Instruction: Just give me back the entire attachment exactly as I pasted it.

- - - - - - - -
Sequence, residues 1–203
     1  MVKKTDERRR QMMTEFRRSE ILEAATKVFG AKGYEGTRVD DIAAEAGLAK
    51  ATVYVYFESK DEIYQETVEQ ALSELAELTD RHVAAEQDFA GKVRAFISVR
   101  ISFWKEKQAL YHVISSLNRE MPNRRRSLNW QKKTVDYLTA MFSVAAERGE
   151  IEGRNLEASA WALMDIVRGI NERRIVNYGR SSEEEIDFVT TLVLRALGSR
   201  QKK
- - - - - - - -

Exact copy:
Sequence, residues 1–203
     1  MVKKTDERRR QMMTEFRRSE ILEAATKVFG AKGYEGTRVD DIAAEAGLAK
    51  ATVYVYFESK DEIYQETVEQ ALSELAELTD RHVAAEQDFA GKVRAFISVR
   101  ISFWKEKQAL YHVISSLNRE MPNRRRSLNW QKKTVDYLTA MFSVAAERGE
   151  IEGRNLEASA WALMDIVRGI NERRIVNYGR SSEEEIDFVT TLVLRALGSR
   201  QKK